144 wild rheas spotted in Germany
Like in the South American pampas: Germany’s wild rheas feel at home. They multiplied so much that they can now be hunted. The population is now considered stable.
Their home is the South American pampas – but thousands of kilometers away from their natural distribution area, rheas (Rhea americana) have found a new home in northern Germany. The population at Lake Ratzeburg on the state border of Mecklenburg-Western Pomerania and Schleswig-Holstein is considered to be the only one in the wild in Europe. In the most recent count at the end of October, 144 animals were discovered in the fields and meadows of the region, as the Ministry of the Environment in Schwerin announced on Friday. That was 13 more than in spring and 23 more than in autumn 2021. The rheas are counted twice a year.
The figures showed that the stock of the species in the distribution area was secured, said Minister Till Backhaus (SPD). The animals are all descended from a handful of specimens that escaped from a private enclosure near Groß Grönau on Lake Ratzeburg in Schleswig-Holstein around the turn of the millennium. Until 2019, the animals multiplied unchecked, thanks to the lack of natural enemies. The north German winters couldn’t harm them and young rapeseed became their favorite food in the farmers’ fields. The damage increased and the farmers finally got the nandu allowed to be shot.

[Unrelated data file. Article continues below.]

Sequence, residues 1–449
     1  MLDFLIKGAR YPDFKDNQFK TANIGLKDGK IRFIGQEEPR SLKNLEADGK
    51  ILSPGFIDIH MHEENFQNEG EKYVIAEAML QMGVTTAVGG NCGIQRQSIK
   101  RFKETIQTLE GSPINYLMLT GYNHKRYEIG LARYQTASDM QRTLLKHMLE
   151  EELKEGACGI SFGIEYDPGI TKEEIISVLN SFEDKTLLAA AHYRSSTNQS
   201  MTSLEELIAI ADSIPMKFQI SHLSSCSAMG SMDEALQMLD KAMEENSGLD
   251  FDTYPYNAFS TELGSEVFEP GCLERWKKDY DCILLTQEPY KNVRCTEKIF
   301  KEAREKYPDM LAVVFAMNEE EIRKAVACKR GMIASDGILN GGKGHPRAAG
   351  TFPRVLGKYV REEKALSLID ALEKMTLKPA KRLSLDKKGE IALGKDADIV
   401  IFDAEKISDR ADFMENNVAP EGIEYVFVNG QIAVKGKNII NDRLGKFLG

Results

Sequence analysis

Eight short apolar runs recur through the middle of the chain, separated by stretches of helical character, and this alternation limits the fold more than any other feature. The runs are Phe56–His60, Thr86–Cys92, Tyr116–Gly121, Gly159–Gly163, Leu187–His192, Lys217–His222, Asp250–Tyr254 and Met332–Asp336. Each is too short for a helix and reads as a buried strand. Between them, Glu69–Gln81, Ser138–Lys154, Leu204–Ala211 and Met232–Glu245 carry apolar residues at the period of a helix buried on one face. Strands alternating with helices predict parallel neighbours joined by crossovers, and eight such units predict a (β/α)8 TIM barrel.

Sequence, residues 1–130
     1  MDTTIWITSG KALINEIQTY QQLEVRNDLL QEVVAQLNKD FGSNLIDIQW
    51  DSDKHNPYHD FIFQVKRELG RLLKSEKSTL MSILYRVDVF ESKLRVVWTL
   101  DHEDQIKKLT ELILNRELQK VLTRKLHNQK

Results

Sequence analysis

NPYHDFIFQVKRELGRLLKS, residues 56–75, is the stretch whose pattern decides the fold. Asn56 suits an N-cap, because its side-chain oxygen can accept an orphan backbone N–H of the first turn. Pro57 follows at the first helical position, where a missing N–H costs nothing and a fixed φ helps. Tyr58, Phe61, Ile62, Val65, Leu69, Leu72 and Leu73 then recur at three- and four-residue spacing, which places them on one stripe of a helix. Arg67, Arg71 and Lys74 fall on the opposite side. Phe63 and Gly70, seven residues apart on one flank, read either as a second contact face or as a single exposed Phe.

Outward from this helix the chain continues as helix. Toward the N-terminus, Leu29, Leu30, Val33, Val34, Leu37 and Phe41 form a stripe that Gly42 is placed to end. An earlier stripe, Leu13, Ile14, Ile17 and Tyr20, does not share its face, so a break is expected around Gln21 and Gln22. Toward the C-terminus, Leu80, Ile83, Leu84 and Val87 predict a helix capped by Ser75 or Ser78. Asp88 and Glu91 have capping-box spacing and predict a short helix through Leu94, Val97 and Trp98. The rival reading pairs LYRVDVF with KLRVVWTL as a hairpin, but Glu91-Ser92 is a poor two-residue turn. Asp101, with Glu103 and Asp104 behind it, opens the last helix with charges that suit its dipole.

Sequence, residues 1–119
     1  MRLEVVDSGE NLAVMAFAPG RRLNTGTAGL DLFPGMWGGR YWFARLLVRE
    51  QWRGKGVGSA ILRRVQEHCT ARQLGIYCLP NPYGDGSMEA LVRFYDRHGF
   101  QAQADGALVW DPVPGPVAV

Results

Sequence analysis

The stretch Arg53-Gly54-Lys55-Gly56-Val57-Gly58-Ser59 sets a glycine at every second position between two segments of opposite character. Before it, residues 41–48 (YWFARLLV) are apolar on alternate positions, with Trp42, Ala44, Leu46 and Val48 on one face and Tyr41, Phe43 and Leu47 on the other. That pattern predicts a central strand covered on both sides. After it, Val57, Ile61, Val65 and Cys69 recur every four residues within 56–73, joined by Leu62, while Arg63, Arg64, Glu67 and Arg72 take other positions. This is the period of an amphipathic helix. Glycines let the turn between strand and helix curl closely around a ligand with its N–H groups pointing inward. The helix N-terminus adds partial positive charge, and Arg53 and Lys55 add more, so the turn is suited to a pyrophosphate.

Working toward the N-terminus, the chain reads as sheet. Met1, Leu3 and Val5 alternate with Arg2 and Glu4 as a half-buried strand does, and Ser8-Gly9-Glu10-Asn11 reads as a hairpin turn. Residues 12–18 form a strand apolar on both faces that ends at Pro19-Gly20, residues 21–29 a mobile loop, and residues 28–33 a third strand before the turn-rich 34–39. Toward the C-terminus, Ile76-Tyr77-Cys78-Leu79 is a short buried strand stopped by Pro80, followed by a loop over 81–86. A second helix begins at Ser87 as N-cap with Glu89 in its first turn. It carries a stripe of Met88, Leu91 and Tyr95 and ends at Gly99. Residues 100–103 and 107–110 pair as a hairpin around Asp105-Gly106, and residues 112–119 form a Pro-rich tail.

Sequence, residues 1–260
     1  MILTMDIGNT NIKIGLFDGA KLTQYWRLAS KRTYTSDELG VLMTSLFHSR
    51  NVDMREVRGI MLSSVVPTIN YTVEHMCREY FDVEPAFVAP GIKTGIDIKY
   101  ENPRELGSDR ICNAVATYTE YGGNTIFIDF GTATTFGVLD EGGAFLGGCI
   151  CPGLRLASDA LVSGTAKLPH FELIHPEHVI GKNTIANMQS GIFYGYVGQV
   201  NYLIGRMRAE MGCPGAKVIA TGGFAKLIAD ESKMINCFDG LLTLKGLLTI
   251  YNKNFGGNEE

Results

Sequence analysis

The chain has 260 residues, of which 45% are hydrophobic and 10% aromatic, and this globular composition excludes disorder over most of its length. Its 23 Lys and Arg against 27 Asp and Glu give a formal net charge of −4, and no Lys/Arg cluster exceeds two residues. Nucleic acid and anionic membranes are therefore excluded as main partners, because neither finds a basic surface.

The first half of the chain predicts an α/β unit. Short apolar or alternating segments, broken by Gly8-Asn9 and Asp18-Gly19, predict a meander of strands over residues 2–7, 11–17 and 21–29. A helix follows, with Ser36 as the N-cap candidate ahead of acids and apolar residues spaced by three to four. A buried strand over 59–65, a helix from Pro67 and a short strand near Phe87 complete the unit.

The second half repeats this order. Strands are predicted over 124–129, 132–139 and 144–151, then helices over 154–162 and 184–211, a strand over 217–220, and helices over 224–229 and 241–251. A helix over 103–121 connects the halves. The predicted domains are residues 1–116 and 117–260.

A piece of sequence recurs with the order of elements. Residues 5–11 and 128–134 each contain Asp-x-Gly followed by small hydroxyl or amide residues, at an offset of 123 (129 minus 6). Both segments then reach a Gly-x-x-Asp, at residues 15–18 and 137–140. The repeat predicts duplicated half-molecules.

The record number of 566 rheas was counted in autumn 2018, and the first animals were allowed to be killed the following year. According to the ministry, 179 rheas were killed in the first full hunting year from April 2020 to March 2021. In the hunting year that followed, there were only 79. Local residents report that the animals have become much more shy since they have been hunted.
According to the ministry, the Nandu is one of more than 1,000 neozoa (new creatures) in Germany – species that came to Europe after Christopher Columbus arrived in America in 1492. This also includes species such as fallow deer, raccoon, mink, coypu, pheasant and rainbow trout.